The day that I had set aside for making this pasta turned out to be almost 110 degrees in my kitchen. We were in the midst of a heatwave with no end in sight. I had been inspired by a pasta from a new app called “Look and Cook” that has absolutely beautiful pictures of food in the process of being cooked (but isn’t also selling a “lifestyle”). My basil was ready for clipping and the tomatoes in the market were hitting their peak so I disregarded the unpleasantness of a truly hot work environment and set out to perfect big bow pasta with a basic tomato/ garlic/ basil sauce. You’ll notice there are no pictures of the process on my blog. The evolution of each dish is often chaotic- especially when I’m cooking it for the first time. My flour covered counters are not the kind of food porn I’m trying to promote.
In the end however, they came together perfectly- as they almost always do. I love the marriage of these simple flavors in both the pasta and the sauce. It’s perfectly summer – clean, fresh and pretty. Far from flawless, but so honest that you forget the struggle.
Pasta Bows Three Ways
- 2 cups all purpose flour
- 1 1/2 cups durum semolina flour
- 4 eggs
- 1 1/2 tablespoons sundried tomatoes, pureed
- 1 1/2 tablespoons pesto
- 2 teaspoons ground black pepper
- Toss the flours together in the middle of a large cutting board. Make a well in the middle of the combined flour and add the eggs one at a time. Using a fork, beat together the eggs and begin to incorporate the flour. Knead the dough until the shaggy mass becomes a cohesive mass – adding more flour if the dough is too sticky. Knead for another 5 minutes, adding flour if necessary.
- Separate the flour into three balls. To the first, knead in the sundried tomato puree; to the second, the pesto; and to the third, the black pepper. Knead each ball of dough, adding more flour as necessary, until the color is uniform.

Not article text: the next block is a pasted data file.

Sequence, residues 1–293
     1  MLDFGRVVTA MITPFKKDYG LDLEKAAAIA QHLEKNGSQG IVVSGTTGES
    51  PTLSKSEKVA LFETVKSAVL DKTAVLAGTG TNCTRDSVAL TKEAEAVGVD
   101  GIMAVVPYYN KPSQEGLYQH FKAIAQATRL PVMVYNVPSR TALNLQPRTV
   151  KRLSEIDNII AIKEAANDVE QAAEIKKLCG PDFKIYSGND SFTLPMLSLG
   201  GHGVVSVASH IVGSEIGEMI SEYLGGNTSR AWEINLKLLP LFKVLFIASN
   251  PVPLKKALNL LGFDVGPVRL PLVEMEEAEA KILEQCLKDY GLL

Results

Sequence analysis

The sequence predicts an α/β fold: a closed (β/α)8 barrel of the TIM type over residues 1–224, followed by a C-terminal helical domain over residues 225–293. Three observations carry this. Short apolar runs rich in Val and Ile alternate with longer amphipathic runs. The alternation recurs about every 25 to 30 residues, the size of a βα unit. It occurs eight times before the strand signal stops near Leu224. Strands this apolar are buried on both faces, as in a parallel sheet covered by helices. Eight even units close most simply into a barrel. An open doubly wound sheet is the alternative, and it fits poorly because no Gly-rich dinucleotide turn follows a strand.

- Wrap balls in plastic wrap and let rest for 1 hour.
- With a generously floured pasta machine, take a piece of dough from the first ball that’s about the size of your palm. Roll the pasta through the widest setting, adding more flour to the dough so it does not stick. Fold that piece into thirds and pass it through again. Fold it in thirds once and pass it through once more. Then adjust the machine to the #2 setting and pass the pasta through, reflouring the machine as necessary. Continue rolling, changing the settings on the machine until you reach the #7 setting.
- Lay the sheet of pasta out on a board and cut 4inch X 2 inch rectangles. Pinch the center of these rectangles to make a bow and set them on a sheet until you’re ready to cook them.
- 2 tablespoons olive oil
- 4 cloves of garlic, chopped
- 5 tomatoes, peeled and seeded and cut in quarters
- Handful of basil, cut into chiffonade
- Place heat on under a large pan. When hot, add the oil and let sit for 1 minute. Add garlic, a dash of salt and sauté for 30 seconds. Add the tomatoes and toss with garlic and oil. Add more salt to taste and pepper and let cook for 5 minutes, covered. The tomatoes will break apart and become a loose sauce.
- Heat a large pot of very salty water to boiling. Add the pasta and cook for exactly one minute. Toss the pasta into the tomatoes and garlic and then add the basil. Top with grated parmesan cheese and leave the kitchen clean up for later.